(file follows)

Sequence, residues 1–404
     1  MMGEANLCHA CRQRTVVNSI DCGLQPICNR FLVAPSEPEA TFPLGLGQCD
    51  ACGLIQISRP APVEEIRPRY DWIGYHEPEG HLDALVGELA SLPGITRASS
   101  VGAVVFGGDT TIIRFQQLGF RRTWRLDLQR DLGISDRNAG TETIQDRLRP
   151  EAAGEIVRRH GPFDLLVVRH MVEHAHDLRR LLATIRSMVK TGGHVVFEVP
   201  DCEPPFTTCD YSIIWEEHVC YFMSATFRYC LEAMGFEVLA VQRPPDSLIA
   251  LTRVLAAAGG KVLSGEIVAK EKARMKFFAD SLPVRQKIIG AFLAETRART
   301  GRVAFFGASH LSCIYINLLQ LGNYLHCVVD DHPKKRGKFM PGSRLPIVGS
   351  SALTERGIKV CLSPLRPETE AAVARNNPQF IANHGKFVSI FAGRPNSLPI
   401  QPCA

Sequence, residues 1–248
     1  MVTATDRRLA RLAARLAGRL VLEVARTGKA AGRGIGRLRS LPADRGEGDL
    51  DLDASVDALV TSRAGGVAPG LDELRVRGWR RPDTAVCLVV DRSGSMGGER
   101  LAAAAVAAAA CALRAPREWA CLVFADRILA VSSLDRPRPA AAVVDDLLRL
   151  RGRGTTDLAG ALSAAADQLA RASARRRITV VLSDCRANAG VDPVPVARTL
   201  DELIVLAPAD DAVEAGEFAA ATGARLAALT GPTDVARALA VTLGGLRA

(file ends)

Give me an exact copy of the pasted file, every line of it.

Sequence, residues 1–404
     1  MMGEANLCHA CRQRTVVNSI DCGLQPICNR FLVAPSEPEA TFPLGLGQCD
    51  ACGLIQISRP APVEEIRPRY DWIGYHEPEG HLDALVGELA SLPGITRASS
   101  VGAVVFGGDT TIIRFQQLGF RRTWRLDLQR DLGISDRNAG TETIQDRLRP
   151  EAAGEIVRRH GPFDLLVVRH MVEHAHDLRR LLATIRSMVK TGGHVVFEVP
   201  DCEPPFTTCD YSIIWEEHVC YFMSATFRYC LEAMGFEVLA VQRPPDSLIA
   251  LTRVLAAAGG KVLSGEIVAK EKARMKFFAD SLPVRQKIIG AFLAETRART
   301  GRVAFFGASH LSCIYINLLQ LGNYLHCVVD DHPKKRGKFM PGSRLPIVGS
   351  SALTERGIKV CLSPLRPETE AAVARNNPQF IANHGKFVSI FAGRPNSLPI
   401  QPCA

Sequence, residues 1–248
     1  MVTATDRRLA RLAARLAGRL VLEVARTGKA AGRGIGRLRS LPADRGEGDL
    51  DLDASVDALV TSRAGGVAPG LDELRVRGWR RPDTAVCLVV DRSGSMGGER
   101  LAAAAVAAAA CALRAPREWA CLVFADRILA VSSLDRPRPA AAVVDDLLRL
   151  RGRGTTDLAG ALSAAADQLA RASARRRITV VLSDCRANAG VDPVPVARTL
   201  DELIVLAPAD DAVEAGEFAA ATGARLAALT GPTDVARALA VTLGGLRA